Method 2(a): Positioning the Div Off the Viewable Screen
Using style sheets, you have the option to absolutely or relatively position any division. Using absolute positioning, you can simply position the text you wish to hide any number of pixels off the screen to the left of the window. Here is some example code:
position : absolute;
left : -1000px;
If you put that in your style sheet and then assign the class “hideme” to your div, then the div will display 1000 pixels to the left of the visible screen – i.e., it will not appear on the screen.
Method 2(b): Using “Visibility: Hidden” Style Commands
An alternative to the method above is to simply use the built in features of style sheets to hide your text:
visibility : hidden;
Again, if you put that into your style sheet and then assign the class “hideme” to your div, the text in your div will not appear in the browser window, but will be visible to the search engine spiders.
Method 2(c): Hiding the Div “Below” the Visible Layer
Another sneaky way to hide text from your visitors while keeping it available to the search engines is to put the text in a layer that is “below” or “behind” the visible layer. The horizontal and vertical dimentions of the viewable screen on your web browser are the X and Y indices. The third dimension is the Z-index. Instead of describing left to right (X) or top to bottom (Y) dimensions, it describes above and below or back to front dimensions for layers of Web pages. Think of a web page as being constructed of a stack of pages. Coding using the Z-index enables webmasters to keep text and images underneath or behind the viewable screen until the visitor takes some action, such as clicking a button or putting their mouse over a specific location. Then the Z-index can change, allowing the hidden content to become visible, giving the impression of interactivity.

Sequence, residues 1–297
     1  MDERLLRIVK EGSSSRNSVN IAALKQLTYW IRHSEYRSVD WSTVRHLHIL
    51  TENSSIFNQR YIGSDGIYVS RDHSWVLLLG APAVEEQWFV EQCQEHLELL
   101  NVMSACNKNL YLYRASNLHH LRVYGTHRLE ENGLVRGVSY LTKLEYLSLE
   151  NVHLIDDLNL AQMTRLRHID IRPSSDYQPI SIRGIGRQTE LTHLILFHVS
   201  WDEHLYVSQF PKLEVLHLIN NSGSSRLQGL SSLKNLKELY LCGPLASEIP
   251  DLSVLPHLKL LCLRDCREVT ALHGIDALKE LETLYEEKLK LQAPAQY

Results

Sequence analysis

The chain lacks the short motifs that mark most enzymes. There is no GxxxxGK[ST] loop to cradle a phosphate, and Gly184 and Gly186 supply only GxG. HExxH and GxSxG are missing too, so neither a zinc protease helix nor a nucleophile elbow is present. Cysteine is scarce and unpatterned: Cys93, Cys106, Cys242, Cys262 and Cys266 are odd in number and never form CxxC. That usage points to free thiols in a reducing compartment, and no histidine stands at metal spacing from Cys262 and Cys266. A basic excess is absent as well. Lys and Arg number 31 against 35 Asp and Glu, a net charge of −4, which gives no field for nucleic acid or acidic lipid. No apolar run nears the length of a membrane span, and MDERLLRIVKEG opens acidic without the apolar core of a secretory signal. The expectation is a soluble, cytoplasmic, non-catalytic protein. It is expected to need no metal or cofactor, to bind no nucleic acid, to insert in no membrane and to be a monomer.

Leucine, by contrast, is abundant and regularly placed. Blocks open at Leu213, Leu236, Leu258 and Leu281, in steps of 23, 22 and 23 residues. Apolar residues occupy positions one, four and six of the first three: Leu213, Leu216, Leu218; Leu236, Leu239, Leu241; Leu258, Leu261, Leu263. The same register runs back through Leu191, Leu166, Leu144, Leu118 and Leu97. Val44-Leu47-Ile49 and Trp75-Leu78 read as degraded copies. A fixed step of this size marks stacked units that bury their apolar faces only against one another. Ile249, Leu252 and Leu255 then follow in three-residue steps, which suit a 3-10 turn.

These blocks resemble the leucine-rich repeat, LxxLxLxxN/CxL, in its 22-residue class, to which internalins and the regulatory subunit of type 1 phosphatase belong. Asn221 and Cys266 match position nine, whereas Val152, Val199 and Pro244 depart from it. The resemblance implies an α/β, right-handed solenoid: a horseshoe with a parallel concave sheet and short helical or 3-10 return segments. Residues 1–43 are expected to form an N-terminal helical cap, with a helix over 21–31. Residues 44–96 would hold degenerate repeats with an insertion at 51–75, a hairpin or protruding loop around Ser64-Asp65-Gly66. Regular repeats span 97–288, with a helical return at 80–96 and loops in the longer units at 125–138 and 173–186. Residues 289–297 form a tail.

Legitimate Uses of the Hidden Text Techniques Described in Method 2
There are legitimate uses of the techniques discussed in Method 2. You may want to have the text remain off-screen or hidden until the visitor clicks a button or performs some other action. Or you may want to build in navigation links for people who are using specialized browsers, for example speech readers or other browsers for the handicapped, and you may want those links to remain invisible to the rest of your visitors. When building for accessibility, it is common to keep some content and links invisible to normal browsers. For example, many accessible sites feature shortcut links at the top of the page which link to the navigation and content areas of the page, enabling speech readers to skip redundant navigation. Visit FindCounseling.com and view the source code to see an example of using hidden links to improve accessibility for people with disabilities.